Tannery effluents were collected from a tannery outlet and from a drain near the Institute of Leather Engineering and Technology (ILET), Hazaribagh, Dhaka, during the time from November 2016 to January 2017. Pre-washed plastic bottles were used for sample collection. Sampling locations:
  • Sample S1: Drain near ILET main gate

  • Sample S2: A tannery outlet

  • Sample S3: Drain backside of ILET

Tea waste is a cheap material which is easily available in our country. Adsorbent sample (tea waste) was collected from some local tea stalls near Leather Research Institute, Savar (Fig. 1a). So its utilization in wastewater treatment particularly in tannery wastewater would be convenient.
Fig. 1

a Tea waste generated from a roadside tea stall and b prepared adsorbent

Preparation of the adsorbent

Waste black tea leaves were used for the treatment as adsorbent. Surface impurities were removed from tea wastes by washing with boiling water. Color was also removed by repeating washing. The tea leaves were then ovendried for 6–8 h at 105 °C. Prepared adsorbent is shown in Fig. 1b.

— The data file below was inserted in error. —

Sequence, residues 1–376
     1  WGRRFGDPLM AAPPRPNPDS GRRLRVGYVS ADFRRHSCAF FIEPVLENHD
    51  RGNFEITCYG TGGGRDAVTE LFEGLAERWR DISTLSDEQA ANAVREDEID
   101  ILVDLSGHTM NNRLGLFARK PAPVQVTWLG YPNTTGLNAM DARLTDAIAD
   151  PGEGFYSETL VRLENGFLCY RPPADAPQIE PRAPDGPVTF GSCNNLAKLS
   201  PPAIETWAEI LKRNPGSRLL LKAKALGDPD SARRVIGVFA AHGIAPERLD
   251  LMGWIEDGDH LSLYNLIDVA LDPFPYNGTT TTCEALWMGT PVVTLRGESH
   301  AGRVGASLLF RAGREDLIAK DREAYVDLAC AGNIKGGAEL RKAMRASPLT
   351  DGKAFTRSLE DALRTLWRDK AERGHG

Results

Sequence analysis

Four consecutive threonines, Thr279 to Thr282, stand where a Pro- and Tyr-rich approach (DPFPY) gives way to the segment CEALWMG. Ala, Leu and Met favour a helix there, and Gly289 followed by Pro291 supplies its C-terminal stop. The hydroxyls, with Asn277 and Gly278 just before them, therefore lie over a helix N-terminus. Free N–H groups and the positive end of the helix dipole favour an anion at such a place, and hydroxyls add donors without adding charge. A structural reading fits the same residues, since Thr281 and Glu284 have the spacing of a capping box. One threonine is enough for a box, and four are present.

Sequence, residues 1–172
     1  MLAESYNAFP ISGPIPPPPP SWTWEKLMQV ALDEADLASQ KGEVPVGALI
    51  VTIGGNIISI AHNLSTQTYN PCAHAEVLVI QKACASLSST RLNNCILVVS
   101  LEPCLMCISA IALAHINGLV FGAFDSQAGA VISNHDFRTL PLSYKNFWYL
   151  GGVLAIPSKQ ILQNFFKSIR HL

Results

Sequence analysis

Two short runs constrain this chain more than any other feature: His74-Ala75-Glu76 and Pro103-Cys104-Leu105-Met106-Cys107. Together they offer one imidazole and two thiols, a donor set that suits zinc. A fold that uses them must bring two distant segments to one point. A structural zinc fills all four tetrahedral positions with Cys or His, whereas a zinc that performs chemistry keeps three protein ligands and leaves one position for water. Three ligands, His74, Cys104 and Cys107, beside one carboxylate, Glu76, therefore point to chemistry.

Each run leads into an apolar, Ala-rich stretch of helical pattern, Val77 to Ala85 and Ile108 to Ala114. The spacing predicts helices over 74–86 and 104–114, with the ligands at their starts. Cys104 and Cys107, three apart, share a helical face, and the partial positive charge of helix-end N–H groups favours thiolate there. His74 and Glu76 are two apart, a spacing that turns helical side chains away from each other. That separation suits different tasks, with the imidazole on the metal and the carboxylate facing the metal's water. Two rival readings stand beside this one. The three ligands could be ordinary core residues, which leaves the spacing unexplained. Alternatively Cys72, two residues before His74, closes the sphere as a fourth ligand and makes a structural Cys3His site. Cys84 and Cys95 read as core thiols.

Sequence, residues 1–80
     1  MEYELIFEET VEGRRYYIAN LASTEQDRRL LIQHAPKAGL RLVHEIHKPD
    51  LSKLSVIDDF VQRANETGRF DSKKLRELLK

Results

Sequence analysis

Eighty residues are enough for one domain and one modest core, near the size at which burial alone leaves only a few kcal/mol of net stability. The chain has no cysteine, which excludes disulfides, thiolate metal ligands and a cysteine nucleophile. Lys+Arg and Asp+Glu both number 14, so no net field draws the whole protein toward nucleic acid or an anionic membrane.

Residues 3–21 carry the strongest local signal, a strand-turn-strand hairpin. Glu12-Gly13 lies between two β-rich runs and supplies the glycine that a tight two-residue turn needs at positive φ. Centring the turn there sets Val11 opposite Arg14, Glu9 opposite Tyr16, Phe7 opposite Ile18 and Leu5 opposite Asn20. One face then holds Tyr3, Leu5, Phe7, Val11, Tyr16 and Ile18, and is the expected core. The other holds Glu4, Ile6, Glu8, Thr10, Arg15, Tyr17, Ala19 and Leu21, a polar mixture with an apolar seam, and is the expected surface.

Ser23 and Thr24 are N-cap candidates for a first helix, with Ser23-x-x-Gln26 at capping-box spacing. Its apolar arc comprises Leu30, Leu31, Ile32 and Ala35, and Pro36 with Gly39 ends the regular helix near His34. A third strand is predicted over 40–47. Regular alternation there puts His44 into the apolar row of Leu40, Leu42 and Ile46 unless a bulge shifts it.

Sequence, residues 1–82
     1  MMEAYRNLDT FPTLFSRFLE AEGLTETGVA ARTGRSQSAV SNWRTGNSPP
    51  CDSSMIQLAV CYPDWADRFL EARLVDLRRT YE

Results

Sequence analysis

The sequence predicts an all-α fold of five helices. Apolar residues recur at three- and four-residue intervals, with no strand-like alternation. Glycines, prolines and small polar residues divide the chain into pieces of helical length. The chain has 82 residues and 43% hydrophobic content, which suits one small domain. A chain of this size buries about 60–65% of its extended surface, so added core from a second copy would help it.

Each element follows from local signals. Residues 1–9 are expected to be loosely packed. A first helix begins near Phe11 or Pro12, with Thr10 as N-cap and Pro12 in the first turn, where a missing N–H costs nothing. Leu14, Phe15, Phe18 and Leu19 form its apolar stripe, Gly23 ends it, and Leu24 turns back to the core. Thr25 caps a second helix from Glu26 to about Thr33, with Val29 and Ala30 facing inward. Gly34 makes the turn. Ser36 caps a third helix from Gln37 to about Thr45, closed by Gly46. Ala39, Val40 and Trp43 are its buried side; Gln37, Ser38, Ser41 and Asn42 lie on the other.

FTIR analysis has been used as a useful tool to identify the presence of certain functional groups of the bioadsorbent (Gakwisiri et al. 2012). The FTIR spectrum of STL is shown in Fig. 2 within the range of 500–4000 cm−1 wavenumber. The surface contains various functional groups such as peak around 3311.3 cm−1 in the spectrum indicates the free O–H group on the surface of the adsorbent and confirms the presence of alcohols and polyphenols in cellulose and lignin. Peaks 2919 and 2851.4 cm−1 assign the –CH stretching mode from the aliphatic. The spectrum around 1622.8 cm−1 indicates the aromatic C=C. The band appeared at 1032.1–1151.6 cm−1 can be due to C–O stretching in alcohols (Nur-E-Alam et al. 2017).
Fig. 2

FTIR spectra of spent tea leaves (STL)

The TGA profile shows (Fig. 3) typical weight loss pattern for the adsorbent, and complete degradation of adsorbent starts around 300 °C and by 550 °C the degradation is complete. In the range between 40–90 °C, the weight loss is purely due to removal of moisture.
Fig. 3

TGA of spent tea leave

Experimental procedure